Toshiba Targets Doubling Profit in 3 Years on Chips, Medical

Toshiba Corp., the Japanese maker of products from televisions to steam turbines, forecast its operating profit will double in three years, as it expands in semiconductors, medical systems and energy.

Operating profit may rise to 400 billion yen ($4.1 billion) for the year ending March 2016 from 193.4 billion yen last fiscal year, the Tokyo-based company said in a statement today. That compared with the 384 billion yen average of 19 analyst estimates compiled by Bloomberg.

President Hisao Tanaka, who said the maker of magnetic resonance imaging devices is considering health-care related acquisitions, also plans to boost production of flash memory chips and speed up expansion abroad with its energy operations. The company is reorganizing its television business after the division lost about 100 billion yen in the past two years, hurt by competition from other makers including Samsung Electronics Co.

“We’ll expand overseas aggressively, as there is little growth for domestic businesses,” said Tanaka during a mid-term outlook presentation in Tokyo today.

The company forecast sales of 7 trillion yen in the year ending March 2016, 4.4 percent higher than the average of 17 analyst estimates compiled by Bloomberg.

Toshiba fell 3.7 percent to 414 yen at the close in Tokyo trading. The stock has risen 23 percent this year, compared with a 33 percent gain for Japan’s benchmark Nikkei 225 Stock Average.

Nuclear Power

The Tokyo-based company is targeting sales of 600 billion yen from health-related businesses in the year ending March 2016. It plans to raise sales from the division to 1 trillion yen in the year ending March 2018, Tanaka said.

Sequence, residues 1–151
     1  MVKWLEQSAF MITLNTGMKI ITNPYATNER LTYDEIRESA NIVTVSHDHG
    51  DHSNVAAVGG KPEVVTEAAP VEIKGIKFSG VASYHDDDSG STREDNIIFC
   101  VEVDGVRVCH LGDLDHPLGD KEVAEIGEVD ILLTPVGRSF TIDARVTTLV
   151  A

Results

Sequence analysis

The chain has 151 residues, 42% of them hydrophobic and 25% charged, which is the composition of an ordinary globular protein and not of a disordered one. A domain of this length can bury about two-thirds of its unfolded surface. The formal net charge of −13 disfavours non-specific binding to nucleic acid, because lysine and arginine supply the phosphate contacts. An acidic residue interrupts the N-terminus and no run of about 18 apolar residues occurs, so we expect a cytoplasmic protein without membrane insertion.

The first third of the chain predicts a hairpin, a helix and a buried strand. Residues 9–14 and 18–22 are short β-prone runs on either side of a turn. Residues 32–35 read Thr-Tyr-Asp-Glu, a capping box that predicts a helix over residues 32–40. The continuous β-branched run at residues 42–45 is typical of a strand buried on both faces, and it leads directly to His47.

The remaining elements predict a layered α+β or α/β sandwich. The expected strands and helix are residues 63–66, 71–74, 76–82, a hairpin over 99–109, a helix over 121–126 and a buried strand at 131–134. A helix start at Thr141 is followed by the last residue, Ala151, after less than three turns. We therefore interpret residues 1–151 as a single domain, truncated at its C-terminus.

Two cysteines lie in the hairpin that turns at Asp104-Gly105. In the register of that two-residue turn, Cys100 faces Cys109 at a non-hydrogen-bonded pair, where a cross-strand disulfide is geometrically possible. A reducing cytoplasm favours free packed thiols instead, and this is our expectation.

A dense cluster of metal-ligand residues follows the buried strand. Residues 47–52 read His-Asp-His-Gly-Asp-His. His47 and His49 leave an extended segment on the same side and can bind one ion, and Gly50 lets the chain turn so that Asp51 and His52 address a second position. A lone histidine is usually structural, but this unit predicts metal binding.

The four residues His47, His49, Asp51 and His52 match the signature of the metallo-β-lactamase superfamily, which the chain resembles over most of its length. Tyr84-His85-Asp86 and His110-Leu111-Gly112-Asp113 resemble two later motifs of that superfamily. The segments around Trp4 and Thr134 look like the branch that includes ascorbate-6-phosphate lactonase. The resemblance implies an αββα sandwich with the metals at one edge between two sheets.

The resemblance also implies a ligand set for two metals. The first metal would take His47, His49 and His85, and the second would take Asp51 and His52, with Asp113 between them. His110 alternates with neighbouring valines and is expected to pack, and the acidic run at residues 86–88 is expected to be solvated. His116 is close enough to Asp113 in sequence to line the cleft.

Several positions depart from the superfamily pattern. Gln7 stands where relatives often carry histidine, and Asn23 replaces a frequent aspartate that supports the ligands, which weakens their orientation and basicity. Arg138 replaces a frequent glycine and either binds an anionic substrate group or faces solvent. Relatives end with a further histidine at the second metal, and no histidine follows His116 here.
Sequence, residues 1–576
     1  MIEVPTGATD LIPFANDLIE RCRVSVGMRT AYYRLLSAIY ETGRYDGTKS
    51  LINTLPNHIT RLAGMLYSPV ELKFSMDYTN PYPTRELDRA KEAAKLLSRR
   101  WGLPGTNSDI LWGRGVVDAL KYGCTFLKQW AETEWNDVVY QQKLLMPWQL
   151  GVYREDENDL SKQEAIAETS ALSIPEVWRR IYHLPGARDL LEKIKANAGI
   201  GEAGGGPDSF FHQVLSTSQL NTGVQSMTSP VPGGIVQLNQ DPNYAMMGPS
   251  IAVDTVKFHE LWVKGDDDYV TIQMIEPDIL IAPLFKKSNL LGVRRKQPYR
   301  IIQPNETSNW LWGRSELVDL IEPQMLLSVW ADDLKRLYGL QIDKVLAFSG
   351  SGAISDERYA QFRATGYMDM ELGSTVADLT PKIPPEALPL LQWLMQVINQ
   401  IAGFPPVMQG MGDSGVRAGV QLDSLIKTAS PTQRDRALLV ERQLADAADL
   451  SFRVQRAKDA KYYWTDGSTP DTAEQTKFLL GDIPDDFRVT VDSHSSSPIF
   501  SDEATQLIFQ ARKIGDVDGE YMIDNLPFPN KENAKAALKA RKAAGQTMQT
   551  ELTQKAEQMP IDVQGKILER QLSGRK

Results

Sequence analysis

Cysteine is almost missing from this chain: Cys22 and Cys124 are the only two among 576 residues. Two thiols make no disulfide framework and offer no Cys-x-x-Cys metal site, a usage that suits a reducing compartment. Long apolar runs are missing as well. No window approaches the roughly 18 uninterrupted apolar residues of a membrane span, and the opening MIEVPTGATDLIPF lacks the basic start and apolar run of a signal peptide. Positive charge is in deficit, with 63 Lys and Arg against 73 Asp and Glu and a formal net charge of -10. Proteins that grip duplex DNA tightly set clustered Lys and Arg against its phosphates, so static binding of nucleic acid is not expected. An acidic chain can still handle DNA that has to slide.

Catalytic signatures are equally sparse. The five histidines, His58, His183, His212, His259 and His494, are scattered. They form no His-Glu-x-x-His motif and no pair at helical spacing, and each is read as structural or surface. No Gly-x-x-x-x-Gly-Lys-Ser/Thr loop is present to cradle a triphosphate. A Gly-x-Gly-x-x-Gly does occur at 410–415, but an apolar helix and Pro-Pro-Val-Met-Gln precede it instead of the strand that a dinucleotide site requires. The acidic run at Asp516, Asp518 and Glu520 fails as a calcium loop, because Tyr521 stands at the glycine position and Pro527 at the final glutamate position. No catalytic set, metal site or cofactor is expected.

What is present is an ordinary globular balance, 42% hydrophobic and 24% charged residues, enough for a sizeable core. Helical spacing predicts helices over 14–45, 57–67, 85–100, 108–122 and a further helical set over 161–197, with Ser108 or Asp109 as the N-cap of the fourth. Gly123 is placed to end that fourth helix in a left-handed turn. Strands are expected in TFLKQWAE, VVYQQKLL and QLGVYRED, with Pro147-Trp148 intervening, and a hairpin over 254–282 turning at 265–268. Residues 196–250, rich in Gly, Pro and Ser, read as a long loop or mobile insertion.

Toshiba is targeting 1.4 trillion yen in sales from its storage devices including NAND flash memory over the next three years, it said.

The company delayed a nuclear sales goal of 1 trillion yen to fiscal year 2018 from 2017, according to Tanaka. In the U.S., a glut of shale gas, government-subsidized wind power and slack demand has slashed power prices more than 40 percent since 2008, making it more difficult to justify repairs and continued operation of aging nuclear units.

The company is expanding its power business, as it’s benefiting from demand for hydro, wind and gas-fired stations following the Fukushima nuclear accident in 2011.

Tanaka said talks to sell a stake of its Westinghouse Electric atomic-power business continue. In December the company said it may sell as much as 36 percent of its 87 percent state. Toshiba was compelled to buy 20 percent of Westinghouse in January after Shaw Group Inc. used an option to sell its stake.

Toshiba’s flash-memory factories are running at full capacity, helped by demand from smartphones and tablet computers, Tanaka said in June. Global smartphone shipments jumped 46 percent to 722 million units last year, according to Framingham, Massachusetts-based IDC Corp.

The company plans to expand the No. 5 facility at its Yokkaichi plant to make flash memory, it said July 2.

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